As I mentioned earlier, the comic book Batman later underwent a metamorphosis into a sleeker figure with pointier ears on his cowl and a more dramatic cape, but this series was based on the old Bob Kane visuals in which the character was a bit boxier and had stumpy bat ears.
After Batman's cancellation, a movement began to darken the comic books storylines and distance the title from the cheesier aspects of the television show.  Witness this cover with a stripped to the waist (and hairy-chested) Batman!

The costume on the series really didn't do West many favors in terms of showing off his physique. The high waistline and the fabrics used to make it almost caused him to look a tad squatty or even paunchy by today's standards, but in truth he was in very fine shape, having been a runner, a skier and even a water polo player while in college. He certainly looks fine below in this skimpy swimsuit.
West had a trusted sidekick in Burt Ward as Dick Grayson, who himself transformed into Robin the Boy Wonder. (If you look closely at this shot, you'll see that George Clooney was not the first Batman to show nipples on his costume.  LOL  Apparently, the Batcave was chilly on this day.) As in the comics, West had taken on Ward as his ward (no pun intended!) after the lad's aerialist parents were killed. The characters in the comic books had come under scrutiny over the years for the potential homosexuality present in their relationship and living arrangement (in the comics, they sometimes even slept in the same bed, as shown below!)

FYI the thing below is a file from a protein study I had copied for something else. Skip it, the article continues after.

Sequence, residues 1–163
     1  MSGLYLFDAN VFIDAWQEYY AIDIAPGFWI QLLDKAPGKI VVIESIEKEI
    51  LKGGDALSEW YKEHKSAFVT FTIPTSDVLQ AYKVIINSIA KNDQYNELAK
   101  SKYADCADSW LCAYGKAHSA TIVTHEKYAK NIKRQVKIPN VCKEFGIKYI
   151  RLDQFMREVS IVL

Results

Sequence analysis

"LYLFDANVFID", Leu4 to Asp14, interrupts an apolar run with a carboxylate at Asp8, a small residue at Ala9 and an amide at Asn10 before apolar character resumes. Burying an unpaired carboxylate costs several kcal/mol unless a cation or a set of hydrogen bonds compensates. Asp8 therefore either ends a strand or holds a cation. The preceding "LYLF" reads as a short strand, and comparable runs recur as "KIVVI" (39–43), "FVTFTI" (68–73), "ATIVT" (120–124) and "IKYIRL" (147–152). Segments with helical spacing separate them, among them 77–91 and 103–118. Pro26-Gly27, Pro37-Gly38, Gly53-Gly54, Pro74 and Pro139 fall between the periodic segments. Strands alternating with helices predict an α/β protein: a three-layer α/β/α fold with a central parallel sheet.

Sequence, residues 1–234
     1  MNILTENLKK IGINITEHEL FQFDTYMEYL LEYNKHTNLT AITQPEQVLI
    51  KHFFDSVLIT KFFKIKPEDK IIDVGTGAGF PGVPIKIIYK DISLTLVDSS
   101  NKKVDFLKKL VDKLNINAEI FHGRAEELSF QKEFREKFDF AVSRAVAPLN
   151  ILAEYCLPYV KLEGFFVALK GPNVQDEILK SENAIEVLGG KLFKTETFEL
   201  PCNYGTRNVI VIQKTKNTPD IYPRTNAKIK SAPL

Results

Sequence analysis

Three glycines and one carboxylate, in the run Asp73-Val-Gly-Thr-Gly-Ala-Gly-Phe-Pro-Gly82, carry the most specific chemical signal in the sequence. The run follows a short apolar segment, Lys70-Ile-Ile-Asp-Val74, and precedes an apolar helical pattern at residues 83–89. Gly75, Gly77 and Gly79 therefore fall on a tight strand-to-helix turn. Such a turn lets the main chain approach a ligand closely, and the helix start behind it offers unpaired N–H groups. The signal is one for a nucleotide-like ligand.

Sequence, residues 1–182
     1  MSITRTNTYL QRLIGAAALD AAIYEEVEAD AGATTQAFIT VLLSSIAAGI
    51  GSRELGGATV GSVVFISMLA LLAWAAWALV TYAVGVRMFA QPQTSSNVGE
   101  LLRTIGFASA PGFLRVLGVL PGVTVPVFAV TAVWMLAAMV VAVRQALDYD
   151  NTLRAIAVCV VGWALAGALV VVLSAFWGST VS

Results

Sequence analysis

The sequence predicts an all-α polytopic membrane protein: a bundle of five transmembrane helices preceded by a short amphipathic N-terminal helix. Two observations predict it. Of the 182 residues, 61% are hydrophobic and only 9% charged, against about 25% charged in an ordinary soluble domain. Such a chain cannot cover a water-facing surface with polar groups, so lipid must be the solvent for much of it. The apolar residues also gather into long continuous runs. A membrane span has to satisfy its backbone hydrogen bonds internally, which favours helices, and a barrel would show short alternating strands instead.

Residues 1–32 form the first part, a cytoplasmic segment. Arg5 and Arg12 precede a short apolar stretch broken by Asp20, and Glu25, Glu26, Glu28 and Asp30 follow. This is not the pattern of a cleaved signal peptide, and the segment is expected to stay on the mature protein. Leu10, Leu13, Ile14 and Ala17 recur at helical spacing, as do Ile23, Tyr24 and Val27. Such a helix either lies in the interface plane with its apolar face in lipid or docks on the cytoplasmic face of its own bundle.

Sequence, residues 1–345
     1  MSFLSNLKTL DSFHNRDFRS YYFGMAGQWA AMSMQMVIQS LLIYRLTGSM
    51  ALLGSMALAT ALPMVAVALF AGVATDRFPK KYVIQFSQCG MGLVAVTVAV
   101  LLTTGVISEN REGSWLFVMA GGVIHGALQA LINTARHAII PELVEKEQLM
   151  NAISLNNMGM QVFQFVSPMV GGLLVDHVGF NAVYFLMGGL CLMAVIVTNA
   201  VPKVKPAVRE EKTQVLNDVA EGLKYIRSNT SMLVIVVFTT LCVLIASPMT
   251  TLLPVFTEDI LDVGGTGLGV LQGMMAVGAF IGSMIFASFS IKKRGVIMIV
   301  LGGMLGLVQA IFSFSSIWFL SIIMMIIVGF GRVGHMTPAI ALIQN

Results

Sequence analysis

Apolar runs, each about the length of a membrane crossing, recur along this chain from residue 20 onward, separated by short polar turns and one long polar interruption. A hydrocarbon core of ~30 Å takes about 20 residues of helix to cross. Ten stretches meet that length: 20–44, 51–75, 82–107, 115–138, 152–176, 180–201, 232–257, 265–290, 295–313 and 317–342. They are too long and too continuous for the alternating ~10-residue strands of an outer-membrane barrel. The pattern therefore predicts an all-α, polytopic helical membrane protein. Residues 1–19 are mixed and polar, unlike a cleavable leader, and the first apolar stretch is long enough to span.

To counteract the fact that these two men were co-habitating and potentially throw off any such speculation, the producers included a female character, an aunt played by Madge Blake, to the show. This character had been introduced in the comics a little over a year before the series went into production to assuage the above-mentioned implications. (As if it was somehow less lavender to have a dithering old lady hanging around the two handsome studs?!) There was also the resourceful and responsible butler, played by Alan Napier, the harried police commissioner Neil Hamilton and a bumbling chief, Stafford Repp.